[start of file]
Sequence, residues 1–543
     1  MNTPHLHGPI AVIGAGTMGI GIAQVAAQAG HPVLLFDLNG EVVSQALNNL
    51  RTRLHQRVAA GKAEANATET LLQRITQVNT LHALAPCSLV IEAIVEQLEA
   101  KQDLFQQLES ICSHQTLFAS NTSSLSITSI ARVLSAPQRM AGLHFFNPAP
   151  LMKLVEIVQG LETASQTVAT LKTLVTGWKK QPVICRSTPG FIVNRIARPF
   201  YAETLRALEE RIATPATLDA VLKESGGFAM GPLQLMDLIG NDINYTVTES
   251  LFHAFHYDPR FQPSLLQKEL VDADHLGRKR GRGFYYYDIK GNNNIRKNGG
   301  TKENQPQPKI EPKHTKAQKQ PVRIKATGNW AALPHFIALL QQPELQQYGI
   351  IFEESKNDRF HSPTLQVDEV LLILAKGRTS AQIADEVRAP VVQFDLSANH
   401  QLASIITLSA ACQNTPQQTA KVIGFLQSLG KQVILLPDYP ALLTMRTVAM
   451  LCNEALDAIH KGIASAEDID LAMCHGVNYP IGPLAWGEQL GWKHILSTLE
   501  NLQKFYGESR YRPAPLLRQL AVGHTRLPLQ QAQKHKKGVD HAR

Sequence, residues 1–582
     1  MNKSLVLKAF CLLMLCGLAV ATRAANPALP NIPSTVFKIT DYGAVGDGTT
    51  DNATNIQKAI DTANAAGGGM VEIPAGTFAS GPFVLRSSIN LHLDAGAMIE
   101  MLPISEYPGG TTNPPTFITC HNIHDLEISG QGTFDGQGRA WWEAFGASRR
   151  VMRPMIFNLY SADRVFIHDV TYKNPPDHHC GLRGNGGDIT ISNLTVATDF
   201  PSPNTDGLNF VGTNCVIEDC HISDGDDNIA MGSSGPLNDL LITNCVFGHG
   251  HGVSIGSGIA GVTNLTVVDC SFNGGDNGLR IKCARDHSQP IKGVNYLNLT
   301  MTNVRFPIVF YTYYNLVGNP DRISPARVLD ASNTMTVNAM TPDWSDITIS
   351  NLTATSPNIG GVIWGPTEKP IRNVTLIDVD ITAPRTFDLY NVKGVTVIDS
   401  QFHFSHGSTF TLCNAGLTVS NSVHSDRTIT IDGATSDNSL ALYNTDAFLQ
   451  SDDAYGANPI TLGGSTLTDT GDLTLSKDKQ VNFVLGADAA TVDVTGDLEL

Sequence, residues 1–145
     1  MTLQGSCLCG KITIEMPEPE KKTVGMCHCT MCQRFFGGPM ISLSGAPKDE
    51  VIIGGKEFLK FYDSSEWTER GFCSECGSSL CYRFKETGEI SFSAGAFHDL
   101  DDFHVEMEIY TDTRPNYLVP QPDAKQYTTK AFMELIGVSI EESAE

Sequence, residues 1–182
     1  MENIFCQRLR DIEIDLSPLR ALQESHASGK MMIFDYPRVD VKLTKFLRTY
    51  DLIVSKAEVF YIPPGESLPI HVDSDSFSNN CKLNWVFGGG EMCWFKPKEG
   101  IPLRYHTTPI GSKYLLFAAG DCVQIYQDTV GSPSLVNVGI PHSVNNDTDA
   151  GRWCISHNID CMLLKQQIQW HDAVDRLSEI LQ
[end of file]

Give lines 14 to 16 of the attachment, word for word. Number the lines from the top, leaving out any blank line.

     1  MNKSLVLKAF CLLMLCGLAV ATRAANPALP NIPSTVFKIT DYGAVGDGTT
    51  DNATNIQKAI DTANAAGGGM VEIPAGTFAS GPFVLRSSIN LHLDAGAMIE
   101  MLPISEYPGG TTNPPTFITC HNIHDLEISG QGTFDGQGRA WWEAFGASRR